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On 'Tonight Show,' Santorum holds firm on conservative stances

May 09, 2012|By Robin Abcarian
  • Rick Santorum presents Jay Leno with a sweater vest Tuesday on "The Tonight Show."
Rick Santorum presents Jay Leno with a sweater vest Tuesday on "The… (NBC )

Former GOP presidential candidate Rick Santorum, who dropped out of the race after presenting an energetic challenge to Mitt Romney from the party's right flank, jousted over gay marriage and contemporary culture with Jay Leno on Tuesday, the day after he endorsed his former rival (see videos below).

Before they ever so gently crossed political swords, though, Santorum presented Leno with a gift, the sartorial symbol of his unexpectedly long-lived campaign: an American-made sweater vest from Bemidji Woolen Mills, a Minnesota company. (He was wearing one himself, naturally, with his name embroidered on the breast.)

"That's your uniform," said Leno. "I will wear that."

Santorum seemed relaxed and confident, even when Leno tweaked him on the issues on which they disagreed deeply, and prodded him about past criticism of presumptive GOP presidential nominee Romney.

"At one point, you said he was the worst Republican we could ever put against him [President Obama]," said Leno. "Do you regret saying that?"

"No," Santorum replied without hesitation. "I think unfortunately with Romneycare that he was the author of that, and that was clearly a predecessor to Obamacare… Certainly, I would have been a better person to make that case."

But, Santorum added, if Romney becomes president, he has vowed to work with Congress to repeal the president's signature legislation, "and I hope he does."

As for gay marriage, Leno said, "I'm not going to change your mind on that even though I think you are wrong."

"Well, I mean, I think  Barack Obama and Mitt Romney – I think most of the people in the political life oppose gay marriage," said Santorum, who is Catholic and does not believe in contraception. "At least they say they do."

"They just say they do," said Leno. "I think you really do."

"OK," replied Santorum. "That's legit."

"If a gay couple wants to adopt a child, are you OK with that?" Leno asked.

"I'm not," answered Santorum, who not only never ducks questions that show him in the most socially conservative light, but seems to bask in them.

"Why?" Leno asked.

"Children need moms and dads," Santorum said. "Look, Karen and I are blessed. We have seven children. And I can tell you that what I bring to the equation as a father is different from what Karen brings to the equation as a mother..."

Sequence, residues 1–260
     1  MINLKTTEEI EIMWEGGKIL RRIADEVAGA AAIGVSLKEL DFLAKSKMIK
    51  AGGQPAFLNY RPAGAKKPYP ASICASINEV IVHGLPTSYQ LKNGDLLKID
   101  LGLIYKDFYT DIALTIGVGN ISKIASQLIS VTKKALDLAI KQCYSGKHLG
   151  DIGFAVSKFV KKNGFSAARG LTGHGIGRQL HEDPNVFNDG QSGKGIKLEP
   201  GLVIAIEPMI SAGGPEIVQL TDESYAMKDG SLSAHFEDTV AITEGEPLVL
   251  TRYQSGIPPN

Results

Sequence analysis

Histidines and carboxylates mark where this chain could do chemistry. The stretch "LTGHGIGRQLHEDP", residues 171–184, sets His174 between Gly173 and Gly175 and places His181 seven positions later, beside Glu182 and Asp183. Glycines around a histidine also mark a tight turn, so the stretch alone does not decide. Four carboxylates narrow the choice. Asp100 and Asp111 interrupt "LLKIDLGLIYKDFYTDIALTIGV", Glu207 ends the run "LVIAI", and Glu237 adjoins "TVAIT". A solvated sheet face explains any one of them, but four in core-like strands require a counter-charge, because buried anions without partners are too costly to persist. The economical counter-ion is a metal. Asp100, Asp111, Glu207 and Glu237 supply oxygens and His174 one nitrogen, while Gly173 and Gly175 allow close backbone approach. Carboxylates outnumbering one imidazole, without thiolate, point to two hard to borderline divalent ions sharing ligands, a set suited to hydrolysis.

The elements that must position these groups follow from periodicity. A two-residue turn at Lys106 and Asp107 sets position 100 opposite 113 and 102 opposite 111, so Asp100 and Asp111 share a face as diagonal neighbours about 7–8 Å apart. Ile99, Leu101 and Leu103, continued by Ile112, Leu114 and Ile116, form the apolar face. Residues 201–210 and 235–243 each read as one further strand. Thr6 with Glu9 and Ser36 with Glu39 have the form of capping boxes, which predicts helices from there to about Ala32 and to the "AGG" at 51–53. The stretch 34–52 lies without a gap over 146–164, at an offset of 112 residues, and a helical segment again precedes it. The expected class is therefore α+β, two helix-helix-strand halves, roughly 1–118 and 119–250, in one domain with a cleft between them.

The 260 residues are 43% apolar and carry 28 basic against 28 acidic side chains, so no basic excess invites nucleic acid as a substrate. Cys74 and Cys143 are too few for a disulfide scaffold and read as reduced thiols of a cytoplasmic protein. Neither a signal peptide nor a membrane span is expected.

"Yeah," said Leno, ignoring Santorum's attempted pivot and setting a mild-mannered trap, "but is an orphanage better?"

"No," Santorum conceded.

Santorum's visit with Leno ended on a note about American culture, with Leno joking that Santorum not only "lost the women vote," but "you want to get rid of porn, and you just lost the male vote."

"I know. I know," Santorum said. "That's everybody."

Leno professed to wonder why the Republican party, always known for "strong defense, strong fiscal policy," has gotten sidetracked by social issues.

"Why pornography?" asked Leno. "These all seem like minor things that are really diversions."

"I've always felt this way," said Santorum. "It's the culture. It's not the economy. Look at every great civilization. They don't fail because a foreign power overtakes them.... They were failing as a culture.... If we change who we are, then we lose what makes us special."

Their next exchange limned, in a nutshell, the different world views of American liberals and conservatives: "I think in some ways the culture is getting better," Leno said. "When I was a kid, bullying was common. They'd beat up the gay kid, beat up the kid who couldn't throw the football. And now ... the people at the bottom seem to be coming up a bit. Maybe the people at the top are brought down a peg."

"But when you see the kind of violence that we see," replied Santorum, "over a million and a half children in this country who are aborted, when you see an out-of-wedlock birthrate of 40%, you see poverty rates, you see a lack of mobility of people at the bottom being able to rise, I disagree with you."

"Well," said Leno, ever the genial host, "we can agree to disagree on a lot of things."

"That," said Santorum, "is a deal."

Original source: On 'Tonight Show,' Santorum holds firm on conservative stances

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